Did Emerson recognize that human beings share certain attributes, but that they also each have a uniqueness?
Ralph Waldo Emerson was a renowned essayist and poet. His essay "Self Reliance" defines Emerson's feelings on the importance of a human being's uniqueness. Therefore, while Emerson recognized the importance of humans sharing "certain attributes, "I suppose no man can violate his nature," he also recognized the importance of the individual and his or her own personal uniqueness.
Whoso would be a man, must be a nonconformist.
Nothing is at last sacred but the integrity of our own mind.
A man is to carry himself in the presence of all opposition.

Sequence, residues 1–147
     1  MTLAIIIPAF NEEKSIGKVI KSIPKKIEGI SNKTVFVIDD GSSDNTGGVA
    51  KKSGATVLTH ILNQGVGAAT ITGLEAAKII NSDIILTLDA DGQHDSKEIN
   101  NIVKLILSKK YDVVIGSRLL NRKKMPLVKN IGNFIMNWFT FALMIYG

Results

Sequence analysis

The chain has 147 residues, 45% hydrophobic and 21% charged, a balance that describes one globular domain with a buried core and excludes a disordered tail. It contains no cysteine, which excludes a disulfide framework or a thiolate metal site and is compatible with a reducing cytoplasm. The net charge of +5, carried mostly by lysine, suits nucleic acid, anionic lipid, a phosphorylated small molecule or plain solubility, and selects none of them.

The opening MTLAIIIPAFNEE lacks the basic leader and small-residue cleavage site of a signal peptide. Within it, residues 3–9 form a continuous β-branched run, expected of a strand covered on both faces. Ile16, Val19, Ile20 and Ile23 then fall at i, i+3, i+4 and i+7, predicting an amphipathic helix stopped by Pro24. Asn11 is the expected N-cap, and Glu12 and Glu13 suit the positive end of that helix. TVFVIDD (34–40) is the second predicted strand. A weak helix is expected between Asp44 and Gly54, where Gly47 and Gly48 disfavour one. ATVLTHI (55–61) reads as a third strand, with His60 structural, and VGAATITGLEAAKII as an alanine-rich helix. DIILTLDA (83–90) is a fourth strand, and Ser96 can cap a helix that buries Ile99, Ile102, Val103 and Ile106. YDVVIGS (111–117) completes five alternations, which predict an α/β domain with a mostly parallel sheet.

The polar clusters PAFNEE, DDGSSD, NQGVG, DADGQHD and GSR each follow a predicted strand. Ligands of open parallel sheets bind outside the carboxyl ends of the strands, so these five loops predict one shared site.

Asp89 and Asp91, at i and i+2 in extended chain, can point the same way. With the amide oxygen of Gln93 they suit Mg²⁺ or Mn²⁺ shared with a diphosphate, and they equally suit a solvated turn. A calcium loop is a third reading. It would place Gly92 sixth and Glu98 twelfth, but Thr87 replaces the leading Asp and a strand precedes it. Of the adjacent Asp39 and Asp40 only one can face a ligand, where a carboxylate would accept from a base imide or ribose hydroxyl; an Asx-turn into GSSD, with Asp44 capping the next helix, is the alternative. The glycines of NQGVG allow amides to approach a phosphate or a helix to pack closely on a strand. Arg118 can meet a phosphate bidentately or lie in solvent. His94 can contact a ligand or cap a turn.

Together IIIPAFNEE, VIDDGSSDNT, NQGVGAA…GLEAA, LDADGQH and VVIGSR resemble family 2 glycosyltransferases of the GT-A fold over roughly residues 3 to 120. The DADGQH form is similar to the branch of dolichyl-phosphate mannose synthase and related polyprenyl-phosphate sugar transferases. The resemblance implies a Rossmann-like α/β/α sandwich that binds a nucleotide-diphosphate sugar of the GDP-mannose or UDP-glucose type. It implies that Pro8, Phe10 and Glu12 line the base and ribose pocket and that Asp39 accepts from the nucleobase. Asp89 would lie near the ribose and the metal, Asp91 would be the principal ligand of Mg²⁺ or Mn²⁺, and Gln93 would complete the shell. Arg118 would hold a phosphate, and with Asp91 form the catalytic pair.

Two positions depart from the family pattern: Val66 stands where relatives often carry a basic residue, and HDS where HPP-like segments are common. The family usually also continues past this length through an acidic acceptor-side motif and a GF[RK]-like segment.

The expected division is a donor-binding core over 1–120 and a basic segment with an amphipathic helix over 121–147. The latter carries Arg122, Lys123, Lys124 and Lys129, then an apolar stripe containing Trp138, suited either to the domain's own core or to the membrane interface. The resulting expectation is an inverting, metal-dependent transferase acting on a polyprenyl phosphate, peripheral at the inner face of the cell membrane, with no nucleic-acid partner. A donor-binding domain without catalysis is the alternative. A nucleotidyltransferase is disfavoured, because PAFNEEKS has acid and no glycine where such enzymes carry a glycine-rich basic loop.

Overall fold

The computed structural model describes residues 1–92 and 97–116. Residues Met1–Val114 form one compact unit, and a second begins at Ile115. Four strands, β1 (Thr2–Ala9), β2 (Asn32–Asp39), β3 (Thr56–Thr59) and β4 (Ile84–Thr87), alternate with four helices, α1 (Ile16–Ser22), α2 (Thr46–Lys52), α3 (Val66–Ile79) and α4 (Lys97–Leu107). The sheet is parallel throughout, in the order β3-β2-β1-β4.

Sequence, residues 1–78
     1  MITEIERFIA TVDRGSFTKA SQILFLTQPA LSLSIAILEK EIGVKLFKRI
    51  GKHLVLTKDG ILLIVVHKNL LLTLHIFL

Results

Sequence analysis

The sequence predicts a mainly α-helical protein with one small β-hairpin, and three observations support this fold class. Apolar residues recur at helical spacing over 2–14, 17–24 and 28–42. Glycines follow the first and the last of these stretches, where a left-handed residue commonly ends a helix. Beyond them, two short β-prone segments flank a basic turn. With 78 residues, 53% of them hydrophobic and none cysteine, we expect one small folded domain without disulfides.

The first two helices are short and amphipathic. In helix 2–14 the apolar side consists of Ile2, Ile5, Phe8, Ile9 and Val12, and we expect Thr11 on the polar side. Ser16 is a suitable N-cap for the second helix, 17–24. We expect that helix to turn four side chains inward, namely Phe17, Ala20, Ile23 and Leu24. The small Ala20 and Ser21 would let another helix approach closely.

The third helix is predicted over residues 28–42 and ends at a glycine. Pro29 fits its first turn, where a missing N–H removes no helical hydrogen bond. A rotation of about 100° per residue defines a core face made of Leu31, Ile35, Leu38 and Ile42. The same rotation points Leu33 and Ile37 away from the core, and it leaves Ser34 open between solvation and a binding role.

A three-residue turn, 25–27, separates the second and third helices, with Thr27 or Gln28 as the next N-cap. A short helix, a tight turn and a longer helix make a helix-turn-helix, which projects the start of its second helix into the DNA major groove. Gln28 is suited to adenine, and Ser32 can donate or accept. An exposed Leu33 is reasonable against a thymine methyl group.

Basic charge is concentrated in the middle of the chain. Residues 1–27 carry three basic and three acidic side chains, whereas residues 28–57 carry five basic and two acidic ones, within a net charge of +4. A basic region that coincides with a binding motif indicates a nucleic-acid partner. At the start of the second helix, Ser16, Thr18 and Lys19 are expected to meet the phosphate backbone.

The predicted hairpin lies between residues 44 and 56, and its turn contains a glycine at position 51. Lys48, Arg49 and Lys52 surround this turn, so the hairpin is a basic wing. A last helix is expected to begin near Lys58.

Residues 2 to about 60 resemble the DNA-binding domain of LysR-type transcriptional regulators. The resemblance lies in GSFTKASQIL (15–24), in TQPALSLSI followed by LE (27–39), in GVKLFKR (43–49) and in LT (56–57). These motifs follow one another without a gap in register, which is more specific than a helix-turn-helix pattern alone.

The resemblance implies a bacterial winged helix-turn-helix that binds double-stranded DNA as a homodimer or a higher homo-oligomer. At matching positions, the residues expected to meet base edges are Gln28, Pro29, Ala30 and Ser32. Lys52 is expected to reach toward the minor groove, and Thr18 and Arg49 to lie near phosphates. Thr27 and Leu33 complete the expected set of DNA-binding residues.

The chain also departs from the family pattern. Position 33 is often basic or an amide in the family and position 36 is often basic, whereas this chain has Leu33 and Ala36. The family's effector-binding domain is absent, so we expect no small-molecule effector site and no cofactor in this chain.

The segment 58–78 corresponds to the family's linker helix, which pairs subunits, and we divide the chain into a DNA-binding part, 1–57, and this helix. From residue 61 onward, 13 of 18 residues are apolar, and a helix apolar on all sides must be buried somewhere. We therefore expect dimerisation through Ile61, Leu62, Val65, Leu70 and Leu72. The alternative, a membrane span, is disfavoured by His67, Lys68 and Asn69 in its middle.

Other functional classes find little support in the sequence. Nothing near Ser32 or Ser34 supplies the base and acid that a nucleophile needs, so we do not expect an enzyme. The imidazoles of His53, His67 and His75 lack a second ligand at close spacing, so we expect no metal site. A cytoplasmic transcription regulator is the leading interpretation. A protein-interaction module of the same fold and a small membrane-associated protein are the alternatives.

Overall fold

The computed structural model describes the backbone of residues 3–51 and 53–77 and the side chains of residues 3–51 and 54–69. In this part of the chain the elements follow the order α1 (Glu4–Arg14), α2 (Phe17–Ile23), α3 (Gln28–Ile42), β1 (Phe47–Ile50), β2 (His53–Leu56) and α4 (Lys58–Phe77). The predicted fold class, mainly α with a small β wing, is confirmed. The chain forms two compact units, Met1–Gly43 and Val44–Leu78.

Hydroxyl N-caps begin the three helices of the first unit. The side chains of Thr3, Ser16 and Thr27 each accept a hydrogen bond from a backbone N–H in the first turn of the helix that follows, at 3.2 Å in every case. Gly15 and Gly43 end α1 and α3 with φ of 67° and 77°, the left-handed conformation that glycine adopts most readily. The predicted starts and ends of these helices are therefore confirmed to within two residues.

The preceding three quotes, from his essay "Self Reliance," prove that Emerson embraced the importance of the individual. Not only did he find nonconformity important, he raised up the "integrity" of the mind of the individual. In essence, Emerson is stating that, although men (and women) have a certain nature about them (meaning that they share certain attributes), one cannot live life being the mirror image of other men (and women). Instead, one must hold true to the fact that, even in opposition, mankind must possess integrity of the mind.